Cover Story Notebook: Florida’s Craft Beer Scene

In an ongoing series, Brewer will take a small note from interviews of some of the cover stories it has run and given a small tidbit that didn’t make the issue but is still worth diving into.

It’s been a crazy time for you as a brewery owner, manager or employee. Same here at Brewer. As we start to navigate how to cover the industry in a way that helps you, we will continue to delve into how to build your brand, both during this pandemic and when things are “normal” — whenever we get back to that …

In November 2019, we spoke with Tampa Bay Brewing Co.’s David Doble for our March/April 2020 cover story. The issue is in the mail and you should either have it now or will receive it soon.

Doble acknowledged that Cigar City Brewing has taught TBBC that you can sell a lot of beer in the state of Florida.

“I actually asked them how much Jai Alai (CCB’s top-selling IPA) they sell in town,” Doble said. “I forget what it was he told me, but it convinced me there’s room to play.”

When TBBC opened in the 90s, appealing to fans of imports was important. But it was a beer like Jai Alai from Cigar City that helped spur growth for the then brewpub.

“They realized that they like something else,” he said of craft beer fans. “Really the beer scene didn’t change until 2009 when CCB opened up. Joey was the first that was able to really give us a sense of pride in the town. That the beer geeks here had a sense of pride in this town, and that’s really what was able to ignite the beer scene because people weren’t afraid anymore to say, ‘Oh yeah, I’m from Tampa and it’s a really strong beer scene.’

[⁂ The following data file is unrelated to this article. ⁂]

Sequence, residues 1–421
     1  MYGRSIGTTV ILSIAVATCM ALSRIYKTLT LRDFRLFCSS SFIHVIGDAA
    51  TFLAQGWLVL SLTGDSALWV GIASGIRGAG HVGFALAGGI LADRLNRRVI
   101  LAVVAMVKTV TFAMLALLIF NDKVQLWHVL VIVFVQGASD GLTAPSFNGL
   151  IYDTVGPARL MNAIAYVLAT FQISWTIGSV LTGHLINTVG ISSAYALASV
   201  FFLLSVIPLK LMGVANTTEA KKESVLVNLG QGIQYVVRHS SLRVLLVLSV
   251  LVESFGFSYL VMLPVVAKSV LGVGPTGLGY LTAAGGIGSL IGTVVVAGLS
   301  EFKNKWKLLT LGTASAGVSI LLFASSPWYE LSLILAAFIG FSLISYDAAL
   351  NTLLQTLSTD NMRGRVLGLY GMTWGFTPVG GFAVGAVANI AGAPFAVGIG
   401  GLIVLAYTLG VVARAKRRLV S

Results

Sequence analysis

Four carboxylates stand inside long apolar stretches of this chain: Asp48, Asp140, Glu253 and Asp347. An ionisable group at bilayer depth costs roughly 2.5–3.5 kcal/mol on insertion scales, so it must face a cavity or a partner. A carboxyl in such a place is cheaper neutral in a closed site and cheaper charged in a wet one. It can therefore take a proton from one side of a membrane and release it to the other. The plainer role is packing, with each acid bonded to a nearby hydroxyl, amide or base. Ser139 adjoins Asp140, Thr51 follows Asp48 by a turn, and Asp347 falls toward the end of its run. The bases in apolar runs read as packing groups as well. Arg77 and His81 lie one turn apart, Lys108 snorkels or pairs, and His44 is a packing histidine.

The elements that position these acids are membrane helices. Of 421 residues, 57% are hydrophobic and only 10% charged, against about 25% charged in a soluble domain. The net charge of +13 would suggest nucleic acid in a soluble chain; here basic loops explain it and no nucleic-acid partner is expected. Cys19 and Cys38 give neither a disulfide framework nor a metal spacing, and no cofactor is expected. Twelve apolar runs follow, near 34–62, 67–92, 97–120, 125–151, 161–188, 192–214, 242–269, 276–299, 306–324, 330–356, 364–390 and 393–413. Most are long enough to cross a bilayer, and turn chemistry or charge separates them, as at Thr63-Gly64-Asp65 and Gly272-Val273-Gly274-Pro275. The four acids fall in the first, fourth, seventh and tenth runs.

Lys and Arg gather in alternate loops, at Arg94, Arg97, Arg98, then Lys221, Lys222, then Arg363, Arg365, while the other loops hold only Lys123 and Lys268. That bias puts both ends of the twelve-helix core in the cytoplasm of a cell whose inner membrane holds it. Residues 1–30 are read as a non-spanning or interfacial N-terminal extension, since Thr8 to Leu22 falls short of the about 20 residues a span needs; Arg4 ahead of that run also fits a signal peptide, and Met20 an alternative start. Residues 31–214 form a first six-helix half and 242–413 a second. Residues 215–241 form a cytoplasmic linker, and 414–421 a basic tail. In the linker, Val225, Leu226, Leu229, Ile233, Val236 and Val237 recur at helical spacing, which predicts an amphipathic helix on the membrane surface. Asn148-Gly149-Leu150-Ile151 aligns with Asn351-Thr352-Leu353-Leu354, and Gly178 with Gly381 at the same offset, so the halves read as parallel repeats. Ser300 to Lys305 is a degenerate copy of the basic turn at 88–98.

“This whole state was known as a beer dumping ground. Definitely, the scene has obviously evolved pretty quick. As far as the consumer base goes. It is very, very wide. We probably have three to four different segments out there: from the extreme beer nerd — if you want to call it that — all the way to the casual guy that plays golf, but realizes he wants a little bit more out of the beer and everything else in the mix.”

The only thing Doble doesn’t like about the current scene is the willingness for people to accept macro brands.

“We’re here for a reason,” he said. “It’s a lot of fun, but there’s also a reason. It drives me nuts. There’s a few brands in town that like to push the fact that they are cooler than everybody else because they’re willing to support Miller & Bud — all those people that are trying to kill us. It’s just like, stop it!”

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